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Northern Flicker Intergrades - Red-shafted vs Yellow-shafted Flickers

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Two male Northern Flicker Intergrades
Two male Northern Flickers.

The Northern Flicker, a common woodpecker found throughout North America, is often recognized by its brightly colored wings or ear-piercing screams (mostly banders and rehabbers experience this). Possibly, just possibly, you recognize them by the mango-sized holes, they leave in your eaves. (Until you placed a fake owl nearby, costing $19.99 plus tax from your local Home Depot. Then, said owl did not work, leaving a patchwork of boards screwed all over the sides of your home and a black hole of anger towards woodpeckers, in your heart.)

While the species might be easily recognized locally, bird-lovers from the east might not quickly decipher a Northern Flicker in the west. The reason? There are over eleven subspecies of Northern Flicker, and the two main subspecies groups for much of North America, look wildly different.

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Northern Flicker Intergrade or Northern Flicker Hybrid?

Before we jump into the diluted Northern Flicker, let's review the definition of intergrade vs hybrid. An intergrade is the product of two subspecies or subspecies groups, and a hybrid is the product of two species. We discussed this in our post on Yellow-rumped Warbler intergrades, found here.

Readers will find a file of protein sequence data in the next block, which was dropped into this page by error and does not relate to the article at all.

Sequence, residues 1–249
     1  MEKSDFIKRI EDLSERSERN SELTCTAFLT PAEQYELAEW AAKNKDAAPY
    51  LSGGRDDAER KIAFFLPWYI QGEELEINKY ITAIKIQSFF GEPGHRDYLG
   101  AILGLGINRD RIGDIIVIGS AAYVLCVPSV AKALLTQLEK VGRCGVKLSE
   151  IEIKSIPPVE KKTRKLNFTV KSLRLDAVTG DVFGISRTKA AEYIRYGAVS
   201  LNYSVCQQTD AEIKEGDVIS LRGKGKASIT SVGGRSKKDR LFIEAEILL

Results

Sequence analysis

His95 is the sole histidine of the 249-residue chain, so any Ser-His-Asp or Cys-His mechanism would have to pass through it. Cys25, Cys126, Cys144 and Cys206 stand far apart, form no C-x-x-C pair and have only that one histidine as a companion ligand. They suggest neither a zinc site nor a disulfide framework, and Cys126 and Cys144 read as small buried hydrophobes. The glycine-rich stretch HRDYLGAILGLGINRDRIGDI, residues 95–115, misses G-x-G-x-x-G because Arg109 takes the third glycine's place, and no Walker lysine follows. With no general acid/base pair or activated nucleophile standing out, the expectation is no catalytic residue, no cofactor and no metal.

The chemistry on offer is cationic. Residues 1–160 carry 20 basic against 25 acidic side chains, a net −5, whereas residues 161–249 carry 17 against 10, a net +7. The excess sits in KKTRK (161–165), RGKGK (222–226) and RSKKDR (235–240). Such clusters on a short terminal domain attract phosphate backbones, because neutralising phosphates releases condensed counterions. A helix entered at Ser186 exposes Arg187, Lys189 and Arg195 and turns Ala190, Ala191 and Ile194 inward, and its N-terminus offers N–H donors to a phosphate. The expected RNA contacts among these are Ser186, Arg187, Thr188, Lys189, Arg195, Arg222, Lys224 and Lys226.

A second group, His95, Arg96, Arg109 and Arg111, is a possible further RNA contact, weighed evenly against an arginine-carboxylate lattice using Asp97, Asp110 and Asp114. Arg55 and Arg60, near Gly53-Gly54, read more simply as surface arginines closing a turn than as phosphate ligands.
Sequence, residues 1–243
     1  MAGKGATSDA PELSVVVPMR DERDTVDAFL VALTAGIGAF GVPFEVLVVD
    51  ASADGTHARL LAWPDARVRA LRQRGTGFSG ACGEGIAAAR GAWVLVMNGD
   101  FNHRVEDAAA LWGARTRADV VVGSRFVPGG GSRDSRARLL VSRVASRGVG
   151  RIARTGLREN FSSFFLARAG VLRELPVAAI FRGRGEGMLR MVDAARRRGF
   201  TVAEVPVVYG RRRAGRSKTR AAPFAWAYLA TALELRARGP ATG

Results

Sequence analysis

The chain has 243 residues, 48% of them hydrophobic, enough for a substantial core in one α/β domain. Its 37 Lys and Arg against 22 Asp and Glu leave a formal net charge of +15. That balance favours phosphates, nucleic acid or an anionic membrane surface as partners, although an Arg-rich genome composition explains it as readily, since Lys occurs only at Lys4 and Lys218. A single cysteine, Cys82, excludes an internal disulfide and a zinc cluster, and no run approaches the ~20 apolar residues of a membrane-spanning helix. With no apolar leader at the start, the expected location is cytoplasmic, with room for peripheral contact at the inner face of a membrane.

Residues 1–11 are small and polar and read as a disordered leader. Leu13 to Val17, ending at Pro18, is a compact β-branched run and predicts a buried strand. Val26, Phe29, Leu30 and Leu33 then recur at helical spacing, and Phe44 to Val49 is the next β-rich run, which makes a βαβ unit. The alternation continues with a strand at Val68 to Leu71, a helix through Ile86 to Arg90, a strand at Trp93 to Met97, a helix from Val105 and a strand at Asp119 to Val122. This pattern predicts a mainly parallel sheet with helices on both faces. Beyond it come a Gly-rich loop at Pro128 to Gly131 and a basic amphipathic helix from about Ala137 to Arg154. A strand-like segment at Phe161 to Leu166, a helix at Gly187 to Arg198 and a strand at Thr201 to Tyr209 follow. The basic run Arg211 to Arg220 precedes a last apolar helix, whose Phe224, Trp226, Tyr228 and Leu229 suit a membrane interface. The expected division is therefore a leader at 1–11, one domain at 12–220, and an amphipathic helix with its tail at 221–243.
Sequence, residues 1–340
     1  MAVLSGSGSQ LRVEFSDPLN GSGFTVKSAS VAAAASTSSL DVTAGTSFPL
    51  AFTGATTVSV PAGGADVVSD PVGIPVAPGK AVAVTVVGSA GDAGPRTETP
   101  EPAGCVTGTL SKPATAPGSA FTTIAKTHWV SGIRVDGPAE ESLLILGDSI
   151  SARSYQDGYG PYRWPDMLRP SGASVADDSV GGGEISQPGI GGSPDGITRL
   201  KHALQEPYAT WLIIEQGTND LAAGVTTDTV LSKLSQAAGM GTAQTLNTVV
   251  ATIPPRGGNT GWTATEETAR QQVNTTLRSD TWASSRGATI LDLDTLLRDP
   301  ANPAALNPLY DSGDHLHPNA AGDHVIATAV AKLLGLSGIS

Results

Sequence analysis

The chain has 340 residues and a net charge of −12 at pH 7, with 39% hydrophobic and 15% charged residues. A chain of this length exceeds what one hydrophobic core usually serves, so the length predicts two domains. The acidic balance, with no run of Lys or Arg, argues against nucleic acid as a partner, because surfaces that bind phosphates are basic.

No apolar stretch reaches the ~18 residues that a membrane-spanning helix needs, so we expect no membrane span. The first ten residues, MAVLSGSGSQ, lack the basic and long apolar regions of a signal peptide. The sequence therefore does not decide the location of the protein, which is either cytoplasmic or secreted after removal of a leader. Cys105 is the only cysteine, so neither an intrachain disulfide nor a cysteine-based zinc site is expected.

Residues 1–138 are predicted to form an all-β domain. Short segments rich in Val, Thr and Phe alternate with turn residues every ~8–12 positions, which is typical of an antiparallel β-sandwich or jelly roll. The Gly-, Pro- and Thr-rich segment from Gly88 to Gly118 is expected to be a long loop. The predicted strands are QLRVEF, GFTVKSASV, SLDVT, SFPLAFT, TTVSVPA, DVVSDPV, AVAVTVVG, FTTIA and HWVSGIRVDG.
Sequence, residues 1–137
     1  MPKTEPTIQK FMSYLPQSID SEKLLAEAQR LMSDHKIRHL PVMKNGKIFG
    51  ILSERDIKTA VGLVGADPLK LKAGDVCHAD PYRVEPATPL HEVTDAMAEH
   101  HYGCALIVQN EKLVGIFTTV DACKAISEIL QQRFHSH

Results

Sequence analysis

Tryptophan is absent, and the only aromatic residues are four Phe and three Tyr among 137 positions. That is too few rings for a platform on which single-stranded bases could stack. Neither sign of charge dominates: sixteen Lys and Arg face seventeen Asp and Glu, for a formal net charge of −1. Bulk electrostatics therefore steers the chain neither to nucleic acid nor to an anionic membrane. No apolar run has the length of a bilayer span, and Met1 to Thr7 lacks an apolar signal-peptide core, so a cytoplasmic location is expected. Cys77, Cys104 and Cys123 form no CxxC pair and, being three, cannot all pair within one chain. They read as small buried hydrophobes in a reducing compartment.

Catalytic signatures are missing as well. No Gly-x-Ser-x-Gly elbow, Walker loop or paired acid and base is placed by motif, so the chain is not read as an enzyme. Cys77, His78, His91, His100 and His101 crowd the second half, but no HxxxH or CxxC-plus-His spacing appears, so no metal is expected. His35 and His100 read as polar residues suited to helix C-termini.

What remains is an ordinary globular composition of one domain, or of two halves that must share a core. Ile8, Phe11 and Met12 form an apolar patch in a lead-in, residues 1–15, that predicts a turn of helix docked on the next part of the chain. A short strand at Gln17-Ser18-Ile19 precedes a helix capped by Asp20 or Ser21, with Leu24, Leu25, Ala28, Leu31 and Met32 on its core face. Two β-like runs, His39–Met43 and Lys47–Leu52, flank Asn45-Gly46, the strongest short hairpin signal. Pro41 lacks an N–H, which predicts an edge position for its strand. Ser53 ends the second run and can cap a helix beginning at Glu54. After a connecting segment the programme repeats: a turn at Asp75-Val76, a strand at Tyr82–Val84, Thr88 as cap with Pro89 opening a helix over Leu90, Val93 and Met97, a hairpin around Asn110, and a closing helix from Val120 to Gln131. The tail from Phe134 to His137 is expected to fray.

Which flicker do you have?

  • Yellow-shafted

  • Red-shafted

  • Intergrade

  • All 3

Two Northern Flicker Subspecies Groups

The two groups most birders are familiar with are the Yellow-shafted Northern Flicker (auratus group) and the Red-shafted Northern Flicker (cafer group). Those are the main focus of today's post, mostly because the average reader could care less about the other two groups. Moving your gaze downward, you will see a rudimentary breakdown of the range of each subspecies group in North America. The map gives you, the reader, an idea of what subspecies group you should expect to see on an average day in most of your state. Red state/province means you should expect red-shafted individuals and yellow state means you should expect yellow-shafted individuals.


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What gives a flicker red-shafted, yellow-shafted, or intergrade coloration?

The Red-shafted and Yellow-shafted Northern Flickers share a genome that is over 99% identical. However, the 0.01% difference in DNA between the two groups is all that is required to have significant differences in appearance! How do we know this? Research performed by Stepfanie Aguillon from the Cornell Lab of Ornithology! Just a handful of genes drive the major color differences we see in the Northern Flicker. Insert mind-blown emoji here.

Map of Red-shafted, Yellow-shafted, and Intergrade Flickers

Northern Flicker Range map
Expected Northern Flicker subspecies group based on location

If you are curious about what the giant orange blob represents, it is an oblivion of knowledge. A succubus of hopeful identification. It is the zone of intergradation. The zone of intergradation is the area where these two subspecies groups meet, copulate, and produce babies that will not fit nicely into either group. It likely extends the entire range of the meeting line of the two subspecies groups. However, the map above shows documented intergrades.

If the zone of intergradation scares you, fear no more! Or just fear slightly less. I am here to tell you about the infinite possibilities of morphological characteristics found in intergrades.

First, you need to know what base characteristics can distinguish the two subspecies groups.

Four Base Characteristics for the Northern Flicker Subspecies

  1. Malar Color